Ky. Gov.: 'A long haul' ahead as state defrosts

CANEYVILLE, Ky. (AP) -- Kentucky's governor warned it will be "a long haul" before life returns to normal after last week's deadly ice storm that cut power to hundreds of thousands and blocked roads with fallen trees and other debris.

CANEYVILLE, Ky. (AP) -- Kentucky's governor warned it will be "a long haul" before life returns to normal after last week's deadly ice storm that cut power to hundreds of thousands and blocked roads with fallen trees and other debris.

Officials in the state's two largest cities, Lexington and Louisville, reported progress. Lexington Mayor Jim Newberry deactivated the city's Emergency Operations Center on Sunday evening after a sharp drop in the number of homes without electricity.

But residents in more remote areas, particularly in western Kentucky, are looking at a more uncertain future shivering in homes without electricity and heat.

At its height, the storm knocked out power to 1.3 million customers from the Southern Plains to the East Coast. More than 700,000 of those were in Kentucky -- a state record -- but by Sunday night, that figure had dropped to less than half that. Still, it could be weeks before some people have power again.

"It's going to be a long haul for us," Gov. Steve Beshear, a Democrat, said Sunday as he toured hard-hit areas in and around Elizabethtown. "We've thrown everything we have at it. We're going to continue to do that until everyone is back in their homes and back on their feet."


The winter blast has been blamed for more than 40 deaths in nine state. Officials confirmed at least 16 deaths in Kentucky, most from traffic crashes, hypothermia and carbon monoxide poisoning from improperly used generators.

Thousands of Kentucky National Guard troops, some wielding chain saws, cleared out debris-ridden communities and rolled through neighborhoods in Humvees to deliver chili and stew rations to relieved residents.

"The kids were looking out the windows and yelling, 'Yay! We're saved!'" said Bryan Bowling, 30, who's been hunkering down with 18 people next to a fireplace inside his generator-powered home in rural Grayson County, some 90 miles southwest of Louisville.

"It's just good to know that people care," said Bowling, who has a 7-year-old and a 4-year-old.

Emergency generators were in demand, and 52-year-old David Strange was out Sunday installing the units at rural homes in west Kentucky. Strange bought 200 generators and was selling them for markups of around $50 to $100, including delivery down remote country lanes, earning the nickname "the generator man."

On Sunday, his customers included an elderly couple fearful they couldn't run a dialysis machine. "I just don't know how to put what he's done for us into words," said Janeen Timmons, 62, the dialysis patient.

Arkansas, Indiana and other states lashed by the storm were also working to recover. Crews in Arkansas worked to rebuild parts of the system to restore power to some 130,000 customers, and nearly 25,000 homes and businesses in Indiana remained without power.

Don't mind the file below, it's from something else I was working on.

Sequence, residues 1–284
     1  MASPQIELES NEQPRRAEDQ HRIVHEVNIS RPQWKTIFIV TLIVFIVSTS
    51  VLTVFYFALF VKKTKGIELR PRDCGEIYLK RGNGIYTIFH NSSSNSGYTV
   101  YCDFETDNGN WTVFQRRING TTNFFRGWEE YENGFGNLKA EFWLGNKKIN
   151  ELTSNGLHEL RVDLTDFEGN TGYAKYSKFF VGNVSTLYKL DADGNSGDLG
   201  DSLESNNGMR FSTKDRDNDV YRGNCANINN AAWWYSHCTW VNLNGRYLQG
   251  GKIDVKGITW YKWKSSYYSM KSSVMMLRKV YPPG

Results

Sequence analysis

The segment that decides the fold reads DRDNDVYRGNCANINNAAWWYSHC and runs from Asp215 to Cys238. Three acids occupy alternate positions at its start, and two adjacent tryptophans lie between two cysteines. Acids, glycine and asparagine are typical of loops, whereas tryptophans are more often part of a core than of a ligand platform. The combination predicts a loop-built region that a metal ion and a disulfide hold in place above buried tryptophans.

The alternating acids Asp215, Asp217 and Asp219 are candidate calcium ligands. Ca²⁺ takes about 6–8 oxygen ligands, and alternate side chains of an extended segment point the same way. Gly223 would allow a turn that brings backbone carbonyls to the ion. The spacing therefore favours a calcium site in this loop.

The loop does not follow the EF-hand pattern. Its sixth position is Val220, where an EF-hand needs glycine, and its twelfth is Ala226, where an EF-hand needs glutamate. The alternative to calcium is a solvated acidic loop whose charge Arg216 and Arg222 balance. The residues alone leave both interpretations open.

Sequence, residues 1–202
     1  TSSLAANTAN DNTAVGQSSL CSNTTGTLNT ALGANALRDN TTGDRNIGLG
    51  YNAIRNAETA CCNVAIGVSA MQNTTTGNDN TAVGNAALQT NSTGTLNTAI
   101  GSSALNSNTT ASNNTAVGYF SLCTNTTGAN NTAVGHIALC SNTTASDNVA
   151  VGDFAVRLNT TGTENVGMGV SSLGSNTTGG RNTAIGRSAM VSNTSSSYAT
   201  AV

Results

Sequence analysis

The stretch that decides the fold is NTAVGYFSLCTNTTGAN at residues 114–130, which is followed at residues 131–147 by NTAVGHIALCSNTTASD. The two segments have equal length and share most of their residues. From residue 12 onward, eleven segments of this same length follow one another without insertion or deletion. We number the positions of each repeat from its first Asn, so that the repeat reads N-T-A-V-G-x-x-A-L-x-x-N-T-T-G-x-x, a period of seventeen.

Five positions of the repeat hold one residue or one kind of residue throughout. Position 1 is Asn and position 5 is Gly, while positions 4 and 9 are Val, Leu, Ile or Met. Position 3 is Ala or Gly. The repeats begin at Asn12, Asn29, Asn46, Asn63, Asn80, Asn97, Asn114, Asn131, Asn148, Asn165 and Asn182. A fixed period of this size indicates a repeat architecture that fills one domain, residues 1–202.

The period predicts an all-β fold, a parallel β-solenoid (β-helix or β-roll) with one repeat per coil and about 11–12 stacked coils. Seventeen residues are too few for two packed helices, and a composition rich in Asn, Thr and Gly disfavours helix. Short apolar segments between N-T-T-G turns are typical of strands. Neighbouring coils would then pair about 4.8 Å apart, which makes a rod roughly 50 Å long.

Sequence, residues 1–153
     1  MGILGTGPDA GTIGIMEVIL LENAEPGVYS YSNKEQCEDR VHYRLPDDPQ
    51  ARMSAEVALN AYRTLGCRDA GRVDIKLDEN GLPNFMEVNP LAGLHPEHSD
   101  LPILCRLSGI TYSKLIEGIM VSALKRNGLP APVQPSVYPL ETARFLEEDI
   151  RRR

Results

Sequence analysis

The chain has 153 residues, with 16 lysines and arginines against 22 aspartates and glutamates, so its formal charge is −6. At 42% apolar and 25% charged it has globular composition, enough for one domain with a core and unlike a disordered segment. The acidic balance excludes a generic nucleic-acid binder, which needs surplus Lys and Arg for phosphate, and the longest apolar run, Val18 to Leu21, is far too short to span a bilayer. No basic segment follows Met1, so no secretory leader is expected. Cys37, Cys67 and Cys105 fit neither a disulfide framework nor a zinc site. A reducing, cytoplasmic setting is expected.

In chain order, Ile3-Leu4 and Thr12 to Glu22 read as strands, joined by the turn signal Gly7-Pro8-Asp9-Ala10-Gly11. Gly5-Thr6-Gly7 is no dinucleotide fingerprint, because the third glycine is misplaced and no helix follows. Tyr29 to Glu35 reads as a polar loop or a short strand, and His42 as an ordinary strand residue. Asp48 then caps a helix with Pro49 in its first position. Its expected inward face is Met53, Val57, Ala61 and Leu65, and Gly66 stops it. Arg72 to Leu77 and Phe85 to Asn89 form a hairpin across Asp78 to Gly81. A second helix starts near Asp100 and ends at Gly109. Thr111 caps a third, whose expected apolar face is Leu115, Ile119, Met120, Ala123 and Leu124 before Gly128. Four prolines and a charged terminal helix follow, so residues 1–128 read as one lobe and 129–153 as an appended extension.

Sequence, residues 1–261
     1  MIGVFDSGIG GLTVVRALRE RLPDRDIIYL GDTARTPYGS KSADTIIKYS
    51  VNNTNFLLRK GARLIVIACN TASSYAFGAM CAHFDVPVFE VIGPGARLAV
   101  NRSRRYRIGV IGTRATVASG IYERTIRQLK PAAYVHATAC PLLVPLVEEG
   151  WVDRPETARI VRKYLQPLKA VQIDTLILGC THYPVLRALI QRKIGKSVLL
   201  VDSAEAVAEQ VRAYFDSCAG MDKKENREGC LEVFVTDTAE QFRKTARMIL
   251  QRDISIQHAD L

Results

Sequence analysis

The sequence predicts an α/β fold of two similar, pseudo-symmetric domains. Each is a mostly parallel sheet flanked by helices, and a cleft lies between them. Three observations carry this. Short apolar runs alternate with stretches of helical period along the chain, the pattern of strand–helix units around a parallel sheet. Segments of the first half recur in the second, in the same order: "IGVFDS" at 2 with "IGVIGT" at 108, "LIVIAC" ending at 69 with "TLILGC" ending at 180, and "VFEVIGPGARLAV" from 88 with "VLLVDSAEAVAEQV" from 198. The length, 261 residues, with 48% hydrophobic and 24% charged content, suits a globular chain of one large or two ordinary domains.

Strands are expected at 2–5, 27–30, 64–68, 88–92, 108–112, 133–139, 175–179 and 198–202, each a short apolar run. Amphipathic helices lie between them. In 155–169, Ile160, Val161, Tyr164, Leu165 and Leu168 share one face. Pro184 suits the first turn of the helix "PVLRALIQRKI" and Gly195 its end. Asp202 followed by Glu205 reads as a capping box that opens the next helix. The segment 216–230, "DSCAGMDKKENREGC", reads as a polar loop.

By Sunday night, 93 of Kentucky's 120 counties along with 71 cities had declared a state of emergency, according to Monica French, a spokeswoman for the Kentucky Division of Emergency Management.


The 4,600 soldiers Beshear ordered on duty, including his entire Army National Guard, swept through the state distributing food and water, removing fallen trees, providing security and checking houses in hard-to-reach areas.

In Hardinsburg, one door-to-door check of houses without electricity is being credited for saving the lives of an elderly couple. The Kentucky National Guard said in a press release that two airmen visited the couple's home Sunday and found the wife apparently confused and the husband complaining of nausea.

Both were treated and released at a hospital. Authorities said carbon monoxide levels were more than twice what is considered lethal, and blamed the poisoning on a faulty gas furnace.

Diana Burba was among thousands of people who received cases of bottled water from the National Guard. Burba has no power, and she can't drink the muck coming out of her faucet.

"It's like muddy water comes out," Burba said in her Bonnieville mobile home.

"You don't know how much you depend on it," she said of amenities like clean water and electricity. "When you don't have it, life kind of halts."

The troops, utility workers and good-natured civilians took advantage of temperatures near 50 across much of the region to make headway on repairs. The National Weather Service warned the melt could cause some flooding, but temperatures could dip back into the 20s and teens by tonight.

Still, the governor praised the resilience of residents in dire need, even as they faced the prospect of a long thaw.


In the town of Clinton, tucked in the tip of western Kentucky, Spc. Michael Hagan had yet to find a person in need of help after four hours of searching, but he said he'd keep knocking on doors.

"I told my sergeant if I have to walk one more hill, my feet are going to fall off," said the 23-year-old guardsman, who returned from 18 months in Iraq in December. "But it's good to be sure people are all right."

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